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China key to future of East Asia in 2030

Middle class to grow, Islamic militants to lose force: report

AFP-JIJI, AP, The Washington Post, Kyodo

The U.S. will likely be the “first among equals” in 2030 in an increasingly chaotic world where China is the top economy and demand soars for resources, a U.S. intelligence report said Monday.

The National Intelligence Council, in its first assessment in four years aimed at shaping U.S. strategic thinking, said that China will surpass the U.S. as the largest economy in the 2020s, in line with independent forecasts.

The study said that in a best-case scenario, Americans, together with nearly two-thirds of the world’s population, will be middle class, mostly living in cities, connected by advanced technology, protected by advanced health care and linked by countries that work together, perhaps with the U.S. and China cooperating to lead the way.

Violent acts of terrorism will also be less frequent as the U.S. drawdown in troops from Iraq and Afghanistan robs extremists of a rallying cry to spur attacks. But that will likely be replaced by acts such as cyberterrorism, wreaking havoc on an economy with a keystroke, the study’s authors say.

“We do not seek to predict,” National Intelligence Council Chairman Christopher Kojm said. “Instead we provide a framework to think about possible futures.”

The study predicted that Asia’s economy, military spending and technological investment would surpass those of North America and Europe combined by 2030, but warned of major uncertainty over an emerging China.

East Asia is likely to see more intensified nationalism and China’s behavior will be a key factor shaping the region’s political and economic landscape, it said.

“If Beijing fails to transition to a more sustainable, innovation-based economic model, it will remain a top-tier player in Asia, but the influence surrounding what has been a remarkable ascendance will dissipate,” it said.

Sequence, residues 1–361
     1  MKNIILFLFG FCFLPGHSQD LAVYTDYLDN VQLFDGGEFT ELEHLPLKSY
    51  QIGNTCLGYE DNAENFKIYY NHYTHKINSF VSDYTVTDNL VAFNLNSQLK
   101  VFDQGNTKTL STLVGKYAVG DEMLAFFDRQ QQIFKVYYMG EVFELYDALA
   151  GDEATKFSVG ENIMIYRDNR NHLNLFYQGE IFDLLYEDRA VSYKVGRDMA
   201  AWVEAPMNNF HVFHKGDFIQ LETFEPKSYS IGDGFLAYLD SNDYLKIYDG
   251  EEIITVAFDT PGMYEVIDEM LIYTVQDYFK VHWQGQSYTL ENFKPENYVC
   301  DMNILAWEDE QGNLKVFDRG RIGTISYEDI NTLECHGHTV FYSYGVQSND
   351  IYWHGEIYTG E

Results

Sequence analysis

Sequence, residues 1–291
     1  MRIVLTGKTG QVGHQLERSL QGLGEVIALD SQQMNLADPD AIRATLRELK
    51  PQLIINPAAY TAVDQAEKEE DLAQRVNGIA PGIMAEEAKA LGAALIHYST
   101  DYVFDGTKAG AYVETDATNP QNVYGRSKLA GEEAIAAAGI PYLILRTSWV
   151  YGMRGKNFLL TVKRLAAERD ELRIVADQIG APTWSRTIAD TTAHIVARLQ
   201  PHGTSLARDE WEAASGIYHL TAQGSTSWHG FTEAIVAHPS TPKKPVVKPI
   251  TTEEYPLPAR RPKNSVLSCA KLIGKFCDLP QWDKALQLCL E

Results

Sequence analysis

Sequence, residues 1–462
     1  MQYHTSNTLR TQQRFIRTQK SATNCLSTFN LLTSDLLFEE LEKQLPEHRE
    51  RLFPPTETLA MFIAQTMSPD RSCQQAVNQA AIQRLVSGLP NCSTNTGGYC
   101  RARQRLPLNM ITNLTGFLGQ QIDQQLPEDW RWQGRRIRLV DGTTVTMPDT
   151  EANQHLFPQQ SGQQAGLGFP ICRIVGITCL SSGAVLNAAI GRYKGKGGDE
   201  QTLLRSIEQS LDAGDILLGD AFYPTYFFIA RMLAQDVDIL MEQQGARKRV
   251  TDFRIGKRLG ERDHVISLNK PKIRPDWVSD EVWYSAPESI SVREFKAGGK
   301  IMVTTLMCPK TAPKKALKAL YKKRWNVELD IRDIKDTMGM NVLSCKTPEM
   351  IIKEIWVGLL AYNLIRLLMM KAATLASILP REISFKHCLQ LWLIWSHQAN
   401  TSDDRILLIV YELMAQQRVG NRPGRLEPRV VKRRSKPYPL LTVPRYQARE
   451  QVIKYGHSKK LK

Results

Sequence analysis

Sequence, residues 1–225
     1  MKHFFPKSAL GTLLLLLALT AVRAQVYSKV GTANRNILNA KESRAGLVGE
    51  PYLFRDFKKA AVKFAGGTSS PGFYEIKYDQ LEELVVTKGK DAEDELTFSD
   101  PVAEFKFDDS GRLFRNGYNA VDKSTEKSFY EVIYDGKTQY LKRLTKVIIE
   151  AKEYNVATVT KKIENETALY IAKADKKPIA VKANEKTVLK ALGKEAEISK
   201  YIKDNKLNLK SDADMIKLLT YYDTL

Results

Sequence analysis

Titled “Global Trend 2030: Alternative World,” the report also drew a bleak outlook for Japan, saying the rapidly aging population will sap potential for economic growth.

“More than most Western countries, Japan’s rapidly aging and dwindling population is putting the society in a bind, severely undercutting its long-term growth potential,” the report said. “The combination of a long-term deteriorating fiscal situation with a dramatically aging and declining population — roughly one elderly person per two working-age people by 2025 — will limit the government’s maneuvering room to consolidate its fiscal situation.”

Europe and Russia are also expected to maintain slow economic declines through 2030, while a number of middle-tier countries could rise, such as Colombia, Egypt, Indonesia, Iran, Mexico, South Africa and Turkey, it said.

The study expected major benefits from technology by 2030, but warned that climate change threatened to pose serious challenges. With a growing population and rising incomes, the planet’s demand for water, food and energy will grow by 35, 40 and 50 percent respectively by 2030, it said.

A wealthier China and India would likely need to rely more on food imports, driving up international prices. Families in low-income nations would feel the pinch hardest on food, likely fueling social discontent.

The National Intelligence Council estimated that the world will have nearly 8.3 billion people in 2030, up from 7.1 billion now, but that the average age will be older — with potentially giant consequences.

The rising populations of disenfranchised youth in places such as Nigeria and Pakistan may lead to conflict over water and food, with “nearly half of the world’s population . . . experiencing severe water stress,” the report said. Africa and the Middle East will be most at risk, but China and India are also vulnerable.

That instability could lead to conflict and contribute to global economic collapse, especially if combined with rapid climate change that could make it harder for governments to feed global populations, the authors warn.

One bright spot for the U.S., at least, is energy independence. “With shale gas, the U.S. will have sufficient natural gas to meet domestic needs and generate potential global exports for decades to come,” the report said.